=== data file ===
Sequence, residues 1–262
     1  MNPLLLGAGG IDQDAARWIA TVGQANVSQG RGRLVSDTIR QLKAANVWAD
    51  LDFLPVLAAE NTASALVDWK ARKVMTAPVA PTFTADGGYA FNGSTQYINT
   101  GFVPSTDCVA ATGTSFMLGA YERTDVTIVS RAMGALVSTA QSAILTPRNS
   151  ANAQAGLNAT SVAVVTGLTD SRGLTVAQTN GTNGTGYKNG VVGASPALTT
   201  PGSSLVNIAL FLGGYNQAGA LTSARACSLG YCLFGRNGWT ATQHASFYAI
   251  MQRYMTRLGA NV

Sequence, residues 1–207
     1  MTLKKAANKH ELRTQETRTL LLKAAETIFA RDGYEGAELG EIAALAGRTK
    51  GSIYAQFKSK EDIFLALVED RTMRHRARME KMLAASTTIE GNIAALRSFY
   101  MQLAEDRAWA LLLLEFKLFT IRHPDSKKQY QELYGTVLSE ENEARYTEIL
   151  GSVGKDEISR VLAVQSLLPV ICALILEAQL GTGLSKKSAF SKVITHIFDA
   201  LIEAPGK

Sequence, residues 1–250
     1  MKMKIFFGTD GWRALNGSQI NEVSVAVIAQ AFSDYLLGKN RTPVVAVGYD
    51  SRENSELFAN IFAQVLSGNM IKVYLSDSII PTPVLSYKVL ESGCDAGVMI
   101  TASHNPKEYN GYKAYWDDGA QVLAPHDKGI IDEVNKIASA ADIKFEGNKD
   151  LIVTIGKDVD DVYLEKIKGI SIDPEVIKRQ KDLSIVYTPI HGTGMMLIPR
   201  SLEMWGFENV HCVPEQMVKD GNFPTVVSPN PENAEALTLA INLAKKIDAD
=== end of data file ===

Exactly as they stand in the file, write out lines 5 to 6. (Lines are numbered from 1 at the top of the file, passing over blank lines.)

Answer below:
   151  ANAQAGLNAT SVAVVTGLTD SRGLTVAQTN GTNGTGYKNG VVGASPALTT
   201  PGSSLVNIAL FLGGYNQAGA LTSARACSLG YCLFGRNGWT ATQHASFYAI